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  16. A note of interest. Like the Pamphobeteus antinous, when the chicken spider gets irritated it makes a faint hissing striation.
     
  17. Nerri1029

    Nerri1029 Chief Cook n Bottlewasher Old Timer

    I think you mean it Stridulates.
     
  18. Thanks for the correction. I always run spell check since I have slight dyslexia, but when I write different words than I mean spell check never picks up on it and even when I read over it my mind sees it as correct.


    And love the Chiana avatar. I just finished watching all the seasons through again. ;)
     
  19. Smitty78

    Smitty78 Arachnobaron

    AbraxasComplex,

    Unless I am missing something, these have not been properly identified yet correct? Am I to assume that you also own what is currently in the hobby as P. antinous?

    Do you see any discernible differences in the two species (as we all know it is believed to be the same)? Yes I know this is not scientific, but I am very curious if you see something that plainly shows that this is a different species than P. antinous? I know you said your reaction to the urticating hairs was different.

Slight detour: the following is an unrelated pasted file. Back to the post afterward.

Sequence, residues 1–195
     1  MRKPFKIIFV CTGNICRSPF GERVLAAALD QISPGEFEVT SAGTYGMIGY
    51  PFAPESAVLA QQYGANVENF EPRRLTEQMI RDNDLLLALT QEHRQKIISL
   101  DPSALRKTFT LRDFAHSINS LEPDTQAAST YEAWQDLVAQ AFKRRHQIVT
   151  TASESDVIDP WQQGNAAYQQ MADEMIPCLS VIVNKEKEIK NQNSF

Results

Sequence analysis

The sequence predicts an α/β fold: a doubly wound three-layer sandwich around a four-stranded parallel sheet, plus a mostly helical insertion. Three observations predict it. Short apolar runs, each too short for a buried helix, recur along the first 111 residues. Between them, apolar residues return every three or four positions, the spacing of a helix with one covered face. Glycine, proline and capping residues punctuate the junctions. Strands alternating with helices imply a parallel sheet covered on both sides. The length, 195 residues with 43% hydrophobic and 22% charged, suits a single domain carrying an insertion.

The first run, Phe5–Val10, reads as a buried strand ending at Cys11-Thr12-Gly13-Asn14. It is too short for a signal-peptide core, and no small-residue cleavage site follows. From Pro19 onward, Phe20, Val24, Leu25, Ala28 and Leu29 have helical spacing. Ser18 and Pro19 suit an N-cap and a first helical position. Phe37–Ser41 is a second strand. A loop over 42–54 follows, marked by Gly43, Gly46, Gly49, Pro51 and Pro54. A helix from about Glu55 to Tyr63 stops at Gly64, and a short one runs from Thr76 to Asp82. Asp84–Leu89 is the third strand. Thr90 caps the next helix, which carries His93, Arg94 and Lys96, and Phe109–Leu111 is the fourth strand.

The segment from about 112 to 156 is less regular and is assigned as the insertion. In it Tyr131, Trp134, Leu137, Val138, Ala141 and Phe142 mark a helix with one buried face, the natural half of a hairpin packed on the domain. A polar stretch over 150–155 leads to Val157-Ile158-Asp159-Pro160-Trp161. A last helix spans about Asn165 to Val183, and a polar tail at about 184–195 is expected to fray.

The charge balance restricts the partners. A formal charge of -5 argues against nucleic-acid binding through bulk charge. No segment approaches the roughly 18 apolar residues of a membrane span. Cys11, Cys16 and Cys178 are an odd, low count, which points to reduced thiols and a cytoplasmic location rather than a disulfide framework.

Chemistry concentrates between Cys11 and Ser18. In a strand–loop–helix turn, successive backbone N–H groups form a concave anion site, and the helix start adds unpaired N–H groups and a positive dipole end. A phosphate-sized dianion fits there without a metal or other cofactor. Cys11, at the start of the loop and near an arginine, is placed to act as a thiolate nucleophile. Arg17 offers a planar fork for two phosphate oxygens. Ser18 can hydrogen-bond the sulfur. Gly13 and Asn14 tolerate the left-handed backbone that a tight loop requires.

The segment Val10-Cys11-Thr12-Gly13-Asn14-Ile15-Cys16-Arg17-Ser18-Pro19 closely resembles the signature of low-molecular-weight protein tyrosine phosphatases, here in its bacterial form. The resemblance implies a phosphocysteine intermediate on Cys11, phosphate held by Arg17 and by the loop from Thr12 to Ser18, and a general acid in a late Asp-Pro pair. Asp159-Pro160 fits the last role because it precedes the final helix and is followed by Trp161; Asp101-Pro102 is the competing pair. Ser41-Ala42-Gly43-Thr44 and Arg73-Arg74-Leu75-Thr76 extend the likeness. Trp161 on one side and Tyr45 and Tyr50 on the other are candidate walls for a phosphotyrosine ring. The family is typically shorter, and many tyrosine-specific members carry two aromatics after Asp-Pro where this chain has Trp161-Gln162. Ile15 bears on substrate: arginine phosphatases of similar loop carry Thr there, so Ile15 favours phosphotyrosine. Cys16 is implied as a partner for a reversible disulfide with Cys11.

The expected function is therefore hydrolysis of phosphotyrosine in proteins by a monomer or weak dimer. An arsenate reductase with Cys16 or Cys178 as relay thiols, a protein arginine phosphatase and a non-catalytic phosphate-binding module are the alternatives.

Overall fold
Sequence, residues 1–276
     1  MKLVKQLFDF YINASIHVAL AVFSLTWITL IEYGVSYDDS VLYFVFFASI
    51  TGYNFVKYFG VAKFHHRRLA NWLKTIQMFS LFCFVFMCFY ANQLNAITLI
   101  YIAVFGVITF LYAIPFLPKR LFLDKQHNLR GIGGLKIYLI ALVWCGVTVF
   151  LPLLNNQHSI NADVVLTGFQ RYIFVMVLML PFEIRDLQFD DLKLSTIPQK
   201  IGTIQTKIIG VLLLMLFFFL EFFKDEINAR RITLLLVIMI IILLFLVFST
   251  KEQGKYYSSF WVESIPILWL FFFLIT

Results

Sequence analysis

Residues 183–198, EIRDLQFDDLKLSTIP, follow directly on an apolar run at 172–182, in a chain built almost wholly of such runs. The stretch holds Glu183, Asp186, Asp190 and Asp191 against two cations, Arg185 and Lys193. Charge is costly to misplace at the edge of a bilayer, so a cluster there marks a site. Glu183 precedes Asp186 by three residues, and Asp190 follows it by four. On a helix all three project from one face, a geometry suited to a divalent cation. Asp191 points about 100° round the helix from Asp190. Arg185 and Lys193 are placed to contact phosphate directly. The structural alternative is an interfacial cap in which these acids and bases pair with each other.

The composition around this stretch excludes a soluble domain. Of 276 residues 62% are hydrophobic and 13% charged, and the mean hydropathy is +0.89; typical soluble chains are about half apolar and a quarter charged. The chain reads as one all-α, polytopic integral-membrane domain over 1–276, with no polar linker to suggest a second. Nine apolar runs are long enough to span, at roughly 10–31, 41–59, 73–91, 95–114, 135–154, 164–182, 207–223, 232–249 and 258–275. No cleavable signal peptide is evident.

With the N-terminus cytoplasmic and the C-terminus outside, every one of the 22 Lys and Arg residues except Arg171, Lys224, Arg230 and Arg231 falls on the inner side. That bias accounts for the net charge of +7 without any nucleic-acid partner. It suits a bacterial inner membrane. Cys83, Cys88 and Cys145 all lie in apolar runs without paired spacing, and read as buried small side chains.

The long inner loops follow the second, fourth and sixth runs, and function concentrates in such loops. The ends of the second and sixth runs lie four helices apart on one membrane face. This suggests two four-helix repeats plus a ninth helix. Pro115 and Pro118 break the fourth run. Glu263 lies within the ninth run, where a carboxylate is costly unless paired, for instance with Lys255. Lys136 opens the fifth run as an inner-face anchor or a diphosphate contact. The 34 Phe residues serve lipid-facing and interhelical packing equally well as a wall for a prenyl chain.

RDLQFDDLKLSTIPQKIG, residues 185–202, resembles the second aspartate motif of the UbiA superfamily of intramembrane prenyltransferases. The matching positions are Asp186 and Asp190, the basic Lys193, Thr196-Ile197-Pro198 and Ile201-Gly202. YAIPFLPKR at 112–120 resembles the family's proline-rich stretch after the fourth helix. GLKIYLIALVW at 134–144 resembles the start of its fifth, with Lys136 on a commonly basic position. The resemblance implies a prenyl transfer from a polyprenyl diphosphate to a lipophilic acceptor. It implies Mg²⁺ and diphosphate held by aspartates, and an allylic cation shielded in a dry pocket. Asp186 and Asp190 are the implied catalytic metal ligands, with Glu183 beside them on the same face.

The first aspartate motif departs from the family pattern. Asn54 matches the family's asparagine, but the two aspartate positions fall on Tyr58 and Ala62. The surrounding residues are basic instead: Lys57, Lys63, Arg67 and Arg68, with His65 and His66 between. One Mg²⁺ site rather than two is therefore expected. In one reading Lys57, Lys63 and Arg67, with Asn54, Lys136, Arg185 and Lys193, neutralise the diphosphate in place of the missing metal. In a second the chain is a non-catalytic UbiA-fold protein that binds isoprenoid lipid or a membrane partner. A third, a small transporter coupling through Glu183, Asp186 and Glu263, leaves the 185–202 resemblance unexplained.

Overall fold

With Regards,

    Smitty
     


  20. I have both species.

    Like I said the urticating hairs are less effective on my skin, to the point of little to no reaction. And unlike P.antinous the Chicken Spider does not flick its hair often. My adult Chicken Spiders have no bare rumps from this practice, yet my adult P.antinous flick at any sign of irritation and have bald spots.

    Aggression wise the P.antinous are easily spooked and will rear up, I've had a couple try and strike me before. The Chicken Spiders I have handled (the younger ones) and the adults tend to just bolt, but stay relatively calm.

    For appearance all I can see is a slight difference in the adult females back 4 legs. The Chicken Spider tends to be a slightly more thick.



    Another question though. My adult female has a little bit of fluid emerging from a leg joint. It isn't much, about 2mm across, but I'm still worried. I have amputated badly damaged legs in the past from other species, is this a wound that will seal itself or should I remove the leg to prevent issues? I'm just overly worried and anxious about the well being of the adult, with good reason.